The US defence department has signed a $120mn deal with Australia’s Lynas Rare Earths to build the country’s first onshore commercial-scale rare earths separation facility, as part of a US government push to end China’s dominance of critical mineral supply chains.
Rare earth elements are vital in low carbon technologies such as electric vehicles and wind turbines, as well as military equipment and consumer electronics. China is responsible for almost 90 per cent of global refining of rare earths, according to the International Energy Agency.
Under the deal with Lynas, China would be bypassed entirely. Lynas, the world’s largest rare earths producer outside China, will export rare earth carbonate refined in Australia to the US, where it would be further processed for commercial use.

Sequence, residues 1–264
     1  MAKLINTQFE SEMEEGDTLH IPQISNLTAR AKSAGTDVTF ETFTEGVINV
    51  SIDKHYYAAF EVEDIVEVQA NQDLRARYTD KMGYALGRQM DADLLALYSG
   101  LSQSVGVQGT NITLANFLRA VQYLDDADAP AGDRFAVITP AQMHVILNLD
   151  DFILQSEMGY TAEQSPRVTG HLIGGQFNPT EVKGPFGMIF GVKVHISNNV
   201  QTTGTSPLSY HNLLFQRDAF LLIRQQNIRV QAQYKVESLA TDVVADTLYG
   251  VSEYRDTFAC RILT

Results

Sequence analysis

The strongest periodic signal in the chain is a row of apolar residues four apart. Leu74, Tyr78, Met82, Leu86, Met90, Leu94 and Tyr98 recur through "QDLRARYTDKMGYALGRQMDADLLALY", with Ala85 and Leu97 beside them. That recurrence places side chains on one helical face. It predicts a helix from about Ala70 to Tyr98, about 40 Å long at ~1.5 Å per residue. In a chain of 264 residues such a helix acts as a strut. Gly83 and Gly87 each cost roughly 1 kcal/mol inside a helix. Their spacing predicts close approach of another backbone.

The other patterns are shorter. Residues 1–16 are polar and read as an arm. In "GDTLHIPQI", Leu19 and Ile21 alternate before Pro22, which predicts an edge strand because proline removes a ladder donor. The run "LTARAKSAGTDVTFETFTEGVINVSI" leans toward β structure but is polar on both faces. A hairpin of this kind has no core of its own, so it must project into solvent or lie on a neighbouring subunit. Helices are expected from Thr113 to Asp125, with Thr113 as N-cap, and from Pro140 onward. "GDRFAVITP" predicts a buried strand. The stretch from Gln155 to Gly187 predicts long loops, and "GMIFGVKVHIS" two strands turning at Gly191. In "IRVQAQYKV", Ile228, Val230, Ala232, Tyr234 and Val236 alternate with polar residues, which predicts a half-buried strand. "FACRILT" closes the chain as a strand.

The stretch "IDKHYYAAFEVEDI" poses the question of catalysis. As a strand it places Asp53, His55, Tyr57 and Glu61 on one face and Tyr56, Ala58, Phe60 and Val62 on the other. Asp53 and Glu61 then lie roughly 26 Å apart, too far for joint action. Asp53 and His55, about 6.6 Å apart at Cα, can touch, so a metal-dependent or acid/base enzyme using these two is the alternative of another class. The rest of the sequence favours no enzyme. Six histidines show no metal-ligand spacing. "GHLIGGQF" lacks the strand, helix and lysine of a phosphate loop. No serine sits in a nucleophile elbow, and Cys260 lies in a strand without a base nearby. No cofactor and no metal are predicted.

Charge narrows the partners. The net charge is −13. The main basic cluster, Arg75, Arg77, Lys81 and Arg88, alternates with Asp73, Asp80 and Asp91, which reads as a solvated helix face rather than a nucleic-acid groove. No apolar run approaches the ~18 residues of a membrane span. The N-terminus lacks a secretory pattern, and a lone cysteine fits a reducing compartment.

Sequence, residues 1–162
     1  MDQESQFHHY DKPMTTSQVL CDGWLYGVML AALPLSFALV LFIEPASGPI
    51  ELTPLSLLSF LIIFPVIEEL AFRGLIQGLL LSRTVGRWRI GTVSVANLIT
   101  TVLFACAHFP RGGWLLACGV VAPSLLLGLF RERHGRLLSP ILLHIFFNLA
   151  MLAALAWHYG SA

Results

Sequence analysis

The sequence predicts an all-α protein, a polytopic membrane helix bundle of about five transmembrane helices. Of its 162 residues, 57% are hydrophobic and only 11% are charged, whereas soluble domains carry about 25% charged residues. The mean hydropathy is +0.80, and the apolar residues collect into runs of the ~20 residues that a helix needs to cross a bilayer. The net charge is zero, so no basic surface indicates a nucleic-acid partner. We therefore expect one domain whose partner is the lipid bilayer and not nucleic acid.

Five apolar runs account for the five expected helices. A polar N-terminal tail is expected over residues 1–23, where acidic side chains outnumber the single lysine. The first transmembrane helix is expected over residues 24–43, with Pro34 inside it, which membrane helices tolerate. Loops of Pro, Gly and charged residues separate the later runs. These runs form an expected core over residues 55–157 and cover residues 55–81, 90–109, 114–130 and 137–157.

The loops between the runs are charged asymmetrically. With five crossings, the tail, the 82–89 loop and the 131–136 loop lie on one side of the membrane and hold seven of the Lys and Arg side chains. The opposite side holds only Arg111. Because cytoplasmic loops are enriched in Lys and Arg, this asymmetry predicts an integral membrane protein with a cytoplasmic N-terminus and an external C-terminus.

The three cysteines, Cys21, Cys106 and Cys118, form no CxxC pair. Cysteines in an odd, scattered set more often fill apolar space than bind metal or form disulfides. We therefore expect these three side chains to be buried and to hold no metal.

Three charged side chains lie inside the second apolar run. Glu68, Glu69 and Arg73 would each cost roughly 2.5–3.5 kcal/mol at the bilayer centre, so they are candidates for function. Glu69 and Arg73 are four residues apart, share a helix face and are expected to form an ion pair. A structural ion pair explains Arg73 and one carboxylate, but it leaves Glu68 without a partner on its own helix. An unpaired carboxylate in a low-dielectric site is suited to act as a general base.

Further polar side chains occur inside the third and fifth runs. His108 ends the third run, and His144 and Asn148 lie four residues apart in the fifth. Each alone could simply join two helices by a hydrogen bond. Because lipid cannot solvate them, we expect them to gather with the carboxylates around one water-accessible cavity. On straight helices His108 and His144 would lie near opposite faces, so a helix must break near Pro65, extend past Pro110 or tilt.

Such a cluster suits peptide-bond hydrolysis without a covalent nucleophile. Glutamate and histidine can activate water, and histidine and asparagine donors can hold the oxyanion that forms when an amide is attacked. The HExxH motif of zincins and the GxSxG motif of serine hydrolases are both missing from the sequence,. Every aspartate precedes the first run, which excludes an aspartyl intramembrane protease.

The facility, which expands a pilot scheme started in 2020, will be the first commercial scale rare earths plant inside US borders. It will meet some of the goals set out in a strategic review on building supply chains and local manufacturing industries in semiconductors, batteries, critical minerals and pharmaceuticals published last June by President Joe Biden’s administration.
The defence department, which led the work on critical minerals for the review, warned that China’s dominance of the industry carried geopolitical, supply chain and environmental, social and governance risks.
“The concentration of global supply chains for strategic and critical materials in China creates risk of disruption and of politicised trade practices, including the use of forced labour,” the department said at the time.
The $120mn will cover the full cost of the construction of the plant, which is likely to be built in Texas and be operational by 2025, Lynas said. It added that the use of ore mined and refined in Australia would answer some of the department’s environmental, social and governance concerns.
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